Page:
Conservative Power Rises in Senate
With the replacement of two key GOP moderates, Majority Leader Scott Fitzgerald has far more power.
For years, Senate Majority Leader Scott Fitzgerald could not schedule votes on important bills until he knew how two Republican bulls – then-Senate President Mike Ellis and former Sen. Dale Schultz – would vote on them.
As former majority leaders, Ellis and Schultz knew how to make the Senate run and how to choke it to a standstill. If they defected, the priorities of Fitzgerald, Gov. Scott Walker and other Republicans were sidetracked.
When they disagreed with their more conservative fellow GOP legislators, Ellis and Schultz used different tactics. They delayed votes as long as they could (the political version of “running out the clock”), privately floated compromises to dial back the changes and – sometimes – voted against them.
But usually, they gritted their teeth and voted for the changes. In their first 20-plus years in the Senate, for example, neither Shultz nor Ellis championed the carrying of concealed weapons. But both of them voted for that law on June 14, 2011.
In the 2013-14 session, Schultz broke with Fitzgerald publicly by openly working with now-retired Senate Democrats Bob Jauch and Tim Cullen on mining and other issues. In response to Tea Party-led challenges and RINO (Republicans In Name Only) accusations, Schultz and Ellis decided to not to seek re-election.They were replaced by conservatives who won’t give Fitzgerald anything like the pushback he got from Ellis and Schultz: Sen. Howard Marklein took Schultz’s seat. Sen. Roger Roth replaced Ellis.
Fitzgerald is smiling more than ever this session because the November elections added, besides conservatives Marklein and Roth, new Sen. Devin LeMahieu, another reliable conservative. A new GOP firebrand could arrive this summer in the special election to replace Sen. Paul Farrow, who is resigning to become the full-time Waukesha County executive.
Besides Marklein, Roth and LeMahieu, the Senate GOP’s roster of conservatives were bolstered with the addition of:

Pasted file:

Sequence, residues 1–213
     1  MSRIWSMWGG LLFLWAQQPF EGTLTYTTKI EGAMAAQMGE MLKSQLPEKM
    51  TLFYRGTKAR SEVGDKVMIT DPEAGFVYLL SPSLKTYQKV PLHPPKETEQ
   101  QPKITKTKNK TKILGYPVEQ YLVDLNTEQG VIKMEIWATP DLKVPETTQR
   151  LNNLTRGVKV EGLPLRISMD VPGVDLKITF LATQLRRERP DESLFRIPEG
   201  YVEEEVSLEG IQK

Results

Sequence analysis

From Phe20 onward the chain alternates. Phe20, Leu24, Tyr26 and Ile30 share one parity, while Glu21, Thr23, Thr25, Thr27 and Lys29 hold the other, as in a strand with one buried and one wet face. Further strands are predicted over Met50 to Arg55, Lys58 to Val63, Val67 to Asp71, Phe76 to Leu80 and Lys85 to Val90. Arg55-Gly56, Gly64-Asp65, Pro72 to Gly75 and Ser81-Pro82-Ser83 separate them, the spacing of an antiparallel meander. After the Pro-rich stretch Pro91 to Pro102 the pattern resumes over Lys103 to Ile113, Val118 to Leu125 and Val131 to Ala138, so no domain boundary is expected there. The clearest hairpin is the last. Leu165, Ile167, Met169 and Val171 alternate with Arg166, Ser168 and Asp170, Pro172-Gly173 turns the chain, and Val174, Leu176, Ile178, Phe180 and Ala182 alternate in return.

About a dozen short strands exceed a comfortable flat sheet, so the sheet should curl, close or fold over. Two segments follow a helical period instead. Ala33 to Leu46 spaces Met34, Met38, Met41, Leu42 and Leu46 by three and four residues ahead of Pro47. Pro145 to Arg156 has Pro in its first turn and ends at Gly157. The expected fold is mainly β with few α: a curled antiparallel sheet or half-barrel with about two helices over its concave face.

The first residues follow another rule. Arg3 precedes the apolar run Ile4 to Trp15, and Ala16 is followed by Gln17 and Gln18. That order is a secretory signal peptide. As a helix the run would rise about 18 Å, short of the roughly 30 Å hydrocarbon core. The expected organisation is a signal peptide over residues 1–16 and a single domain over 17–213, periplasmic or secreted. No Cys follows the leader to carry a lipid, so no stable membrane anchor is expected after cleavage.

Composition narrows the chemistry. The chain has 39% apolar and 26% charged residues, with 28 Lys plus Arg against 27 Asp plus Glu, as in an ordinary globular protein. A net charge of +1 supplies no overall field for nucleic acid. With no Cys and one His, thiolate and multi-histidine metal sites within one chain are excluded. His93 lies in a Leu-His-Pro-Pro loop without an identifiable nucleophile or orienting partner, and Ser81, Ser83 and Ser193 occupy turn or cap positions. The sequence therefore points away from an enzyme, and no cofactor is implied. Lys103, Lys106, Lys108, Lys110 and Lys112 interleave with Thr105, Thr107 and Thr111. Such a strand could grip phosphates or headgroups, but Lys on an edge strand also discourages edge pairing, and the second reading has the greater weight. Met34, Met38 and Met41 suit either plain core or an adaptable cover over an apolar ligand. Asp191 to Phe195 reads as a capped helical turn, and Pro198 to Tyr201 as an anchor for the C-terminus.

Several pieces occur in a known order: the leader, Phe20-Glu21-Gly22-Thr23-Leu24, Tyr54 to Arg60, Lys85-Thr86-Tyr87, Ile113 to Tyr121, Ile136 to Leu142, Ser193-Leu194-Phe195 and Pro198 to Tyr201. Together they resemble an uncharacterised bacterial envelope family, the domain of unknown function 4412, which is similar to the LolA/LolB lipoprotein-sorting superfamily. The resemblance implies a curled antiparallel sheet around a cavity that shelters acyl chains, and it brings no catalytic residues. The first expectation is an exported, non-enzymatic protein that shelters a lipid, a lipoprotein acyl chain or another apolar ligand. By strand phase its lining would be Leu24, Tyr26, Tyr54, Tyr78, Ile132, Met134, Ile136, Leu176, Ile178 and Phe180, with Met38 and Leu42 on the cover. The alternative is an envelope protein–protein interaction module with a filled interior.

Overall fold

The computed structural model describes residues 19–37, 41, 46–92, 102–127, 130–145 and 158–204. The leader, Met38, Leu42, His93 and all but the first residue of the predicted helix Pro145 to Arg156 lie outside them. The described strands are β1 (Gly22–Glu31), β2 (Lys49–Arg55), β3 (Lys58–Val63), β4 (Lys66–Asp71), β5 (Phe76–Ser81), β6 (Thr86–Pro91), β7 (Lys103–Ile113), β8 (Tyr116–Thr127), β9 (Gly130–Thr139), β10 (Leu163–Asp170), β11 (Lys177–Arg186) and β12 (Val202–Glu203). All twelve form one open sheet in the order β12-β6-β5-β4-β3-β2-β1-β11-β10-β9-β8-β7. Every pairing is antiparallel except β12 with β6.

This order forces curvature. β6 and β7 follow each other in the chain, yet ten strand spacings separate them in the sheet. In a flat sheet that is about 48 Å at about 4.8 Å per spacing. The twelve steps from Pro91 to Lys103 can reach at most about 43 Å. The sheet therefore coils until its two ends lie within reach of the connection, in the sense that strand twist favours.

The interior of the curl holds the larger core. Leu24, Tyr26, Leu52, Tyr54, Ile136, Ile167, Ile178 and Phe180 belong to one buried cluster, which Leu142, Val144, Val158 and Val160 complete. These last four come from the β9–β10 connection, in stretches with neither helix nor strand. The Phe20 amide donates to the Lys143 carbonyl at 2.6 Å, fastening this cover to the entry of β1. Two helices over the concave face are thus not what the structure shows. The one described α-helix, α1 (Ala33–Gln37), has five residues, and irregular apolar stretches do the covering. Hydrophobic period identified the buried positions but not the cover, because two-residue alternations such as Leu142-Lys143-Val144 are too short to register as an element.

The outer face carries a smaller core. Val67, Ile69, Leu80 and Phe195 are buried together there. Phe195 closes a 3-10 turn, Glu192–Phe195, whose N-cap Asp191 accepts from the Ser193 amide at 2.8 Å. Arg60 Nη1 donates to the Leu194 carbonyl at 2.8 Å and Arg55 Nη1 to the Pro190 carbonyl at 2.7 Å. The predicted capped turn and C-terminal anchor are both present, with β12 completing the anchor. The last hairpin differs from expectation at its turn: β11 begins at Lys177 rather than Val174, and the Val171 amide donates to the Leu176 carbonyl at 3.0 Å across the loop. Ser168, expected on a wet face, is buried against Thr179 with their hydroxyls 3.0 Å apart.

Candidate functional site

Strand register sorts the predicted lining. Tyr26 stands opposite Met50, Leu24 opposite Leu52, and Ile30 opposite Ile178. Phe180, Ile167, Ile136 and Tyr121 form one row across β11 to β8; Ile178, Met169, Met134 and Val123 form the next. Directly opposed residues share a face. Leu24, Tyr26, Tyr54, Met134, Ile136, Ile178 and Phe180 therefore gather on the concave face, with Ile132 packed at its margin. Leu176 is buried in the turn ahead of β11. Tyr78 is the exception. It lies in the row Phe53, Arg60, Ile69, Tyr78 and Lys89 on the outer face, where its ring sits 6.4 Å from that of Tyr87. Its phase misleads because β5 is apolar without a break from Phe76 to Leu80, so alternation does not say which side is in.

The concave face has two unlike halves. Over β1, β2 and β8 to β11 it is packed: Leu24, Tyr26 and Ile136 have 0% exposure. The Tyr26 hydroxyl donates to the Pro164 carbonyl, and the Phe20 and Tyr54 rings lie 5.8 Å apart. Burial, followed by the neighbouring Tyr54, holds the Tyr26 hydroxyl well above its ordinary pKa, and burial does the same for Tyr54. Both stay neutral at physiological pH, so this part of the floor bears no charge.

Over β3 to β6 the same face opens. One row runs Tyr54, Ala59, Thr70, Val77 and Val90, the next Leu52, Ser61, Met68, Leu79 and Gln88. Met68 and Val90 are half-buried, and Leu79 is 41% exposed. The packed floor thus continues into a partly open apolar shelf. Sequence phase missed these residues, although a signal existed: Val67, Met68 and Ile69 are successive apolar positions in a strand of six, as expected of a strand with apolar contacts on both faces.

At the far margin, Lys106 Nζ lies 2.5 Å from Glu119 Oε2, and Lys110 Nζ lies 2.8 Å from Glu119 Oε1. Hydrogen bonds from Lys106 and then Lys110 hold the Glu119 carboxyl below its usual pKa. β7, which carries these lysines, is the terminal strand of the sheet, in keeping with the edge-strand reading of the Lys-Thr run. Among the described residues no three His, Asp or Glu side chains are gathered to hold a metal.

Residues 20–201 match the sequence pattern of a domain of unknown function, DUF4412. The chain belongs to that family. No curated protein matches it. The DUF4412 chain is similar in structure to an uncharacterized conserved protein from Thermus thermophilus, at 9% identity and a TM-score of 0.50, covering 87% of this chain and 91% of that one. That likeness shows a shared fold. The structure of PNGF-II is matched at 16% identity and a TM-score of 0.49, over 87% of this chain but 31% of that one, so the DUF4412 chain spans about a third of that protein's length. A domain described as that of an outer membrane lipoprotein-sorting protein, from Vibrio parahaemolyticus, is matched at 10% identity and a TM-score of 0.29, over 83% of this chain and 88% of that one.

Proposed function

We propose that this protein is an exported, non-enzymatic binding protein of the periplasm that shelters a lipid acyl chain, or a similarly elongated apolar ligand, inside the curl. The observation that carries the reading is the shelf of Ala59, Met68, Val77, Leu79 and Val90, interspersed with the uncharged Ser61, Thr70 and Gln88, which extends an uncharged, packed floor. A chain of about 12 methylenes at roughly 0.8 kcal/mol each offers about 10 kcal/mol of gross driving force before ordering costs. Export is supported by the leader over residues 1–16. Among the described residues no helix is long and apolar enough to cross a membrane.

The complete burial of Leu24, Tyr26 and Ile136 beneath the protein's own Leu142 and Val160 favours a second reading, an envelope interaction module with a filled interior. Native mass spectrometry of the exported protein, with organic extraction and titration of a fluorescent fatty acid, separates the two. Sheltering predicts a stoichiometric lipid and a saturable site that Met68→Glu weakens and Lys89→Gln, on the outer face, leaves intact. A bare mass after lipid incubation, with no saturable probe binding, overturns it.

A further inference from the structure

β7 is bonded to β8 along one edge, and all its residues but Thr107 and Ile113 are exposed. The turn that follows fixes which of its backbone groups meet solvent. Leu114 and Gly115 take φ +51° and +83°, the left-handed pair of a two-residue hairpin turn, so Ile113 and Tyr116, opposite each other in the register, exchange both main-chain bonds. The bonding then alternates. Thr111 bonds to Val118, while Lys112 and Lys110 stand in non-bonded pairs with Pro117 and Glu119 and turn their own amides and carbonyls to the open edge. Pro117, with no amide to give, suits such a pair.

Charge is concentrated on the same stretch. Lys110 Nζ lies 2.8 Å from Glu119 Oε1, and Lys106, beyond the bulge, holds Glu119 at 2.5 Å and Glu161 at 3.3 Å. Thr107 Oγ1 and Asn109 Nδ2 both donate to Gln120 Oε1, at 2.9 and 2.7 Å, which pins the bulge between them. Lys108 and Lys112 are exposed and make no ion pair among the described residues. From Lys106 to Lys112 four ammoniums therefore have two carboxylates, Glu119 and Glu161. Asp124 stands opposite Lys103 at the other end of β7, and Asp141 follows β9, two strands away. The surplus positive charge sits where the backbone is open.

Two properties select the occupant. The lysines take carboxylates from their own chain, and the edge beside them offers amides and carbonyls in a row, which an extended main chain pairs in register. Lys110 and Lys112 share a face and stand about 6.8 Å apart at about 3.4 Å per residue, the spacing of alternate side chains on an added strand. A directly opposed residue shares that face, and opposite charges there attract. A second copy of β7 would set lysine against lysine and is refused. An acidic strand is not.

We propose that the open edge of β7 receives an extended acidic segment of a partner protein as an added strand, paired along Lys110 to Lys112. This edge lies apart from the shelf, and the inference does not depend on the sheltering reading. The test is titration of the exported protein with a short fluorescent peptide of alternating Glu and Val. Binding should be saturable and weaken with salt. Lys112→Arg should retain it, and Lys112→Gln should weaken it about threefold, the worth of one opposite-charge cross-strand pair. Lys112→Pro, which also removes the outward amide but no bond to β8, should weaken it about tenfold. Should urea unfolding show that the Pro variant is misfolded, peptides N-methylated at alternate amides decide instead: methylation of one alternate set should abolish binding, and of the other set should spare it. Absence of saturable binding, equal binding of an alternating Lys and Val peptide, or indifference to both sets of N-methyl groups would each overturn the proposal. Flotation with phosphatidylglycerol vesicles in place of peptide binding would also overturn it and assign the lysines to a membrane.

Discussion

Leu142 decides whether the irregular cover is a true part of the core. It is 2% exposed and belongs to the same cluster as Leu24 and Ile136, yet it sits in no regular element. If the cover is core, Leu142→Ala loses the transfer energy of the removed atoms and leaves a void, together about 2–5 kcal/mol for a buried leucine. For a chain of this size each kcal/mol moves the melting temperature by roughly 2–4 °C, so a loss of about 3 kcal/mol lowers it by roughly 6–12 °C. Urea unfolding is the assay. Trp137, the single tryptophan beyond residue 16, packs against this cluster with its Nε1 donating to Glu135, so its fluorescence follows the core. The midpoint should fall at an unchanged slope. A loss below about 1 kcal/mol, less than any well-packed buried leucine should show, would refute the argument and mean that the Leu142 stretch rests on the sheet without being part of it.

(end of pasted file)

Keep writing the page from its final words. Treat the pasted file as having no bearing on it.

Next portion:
*Sen. Steve Nass, of Whitewater, a 24-year veteran of the Legislature and its biggest UW System critic. Nass has vowed to do all he can to block Gov. Walker’s plan to have the UW System operate independently by mid-2016, and that plan now seems dead. Nass accused the UW’s Board of Regents of abandoning middle-class residents when it raised tuition on non-resident and graduate students.
Nass didn’t consult Fitzgerald before scheduling two votes of the Senate Labor and Government Reform Committee he chairs on repealing or rewriting prevailing wage laws that specify wages and benefits that must be paid on state and local government construction projects. Nass’s petal-to-metal push to repeal prevailing wage laws made the odds of that happening “fuzzier,” Fitzgerald told reporters, and both of Nass’s proposals lost, 3-2, when Marklein sided with two Democrats.
“Repeal of prevailing wage is not dead,” Stroebel vowed after the committee votes. “I will continue to impress upon members of my caucus the importance of full repeal.” Stroebel also wants to eliminate the personal property tax and dismantle the Government Accountability board.
The Senate’s GOP caucus will tilt even further right if Rep. Chris Kapenga, of Delafield, replaces Farrow. The winner of the GOP primary between Kapenga and Brian Dorow, a Waukesha County Technical College dean, will be the next senator in the 33rd District.
Last session, Kapenga called for a national constitutional convention to fix problems that Congress won’t – or can’t – address. According to the Right Wisconsin Website, Kapenga has “called for the arrest of federal officials attempting to implement Obamacare in Wisconsin.” He also claims credit for helping find the UW System’s “$1-billion slush fund.”
This session, with so many more conservative GOP senators, will Fitzgerald confront demands for changes he may consider too extreme? That’s possible, observes political scientist and Marquette University pollster Charles Franklin: The first test, he notes, will be “if there are any problems passing all the elements that emerge from the Joint Finance Committee.”
And the second test, Franklin adds: “Perhaps the larger influence of the more conservative members will appear as standalone bills outside the budget.”
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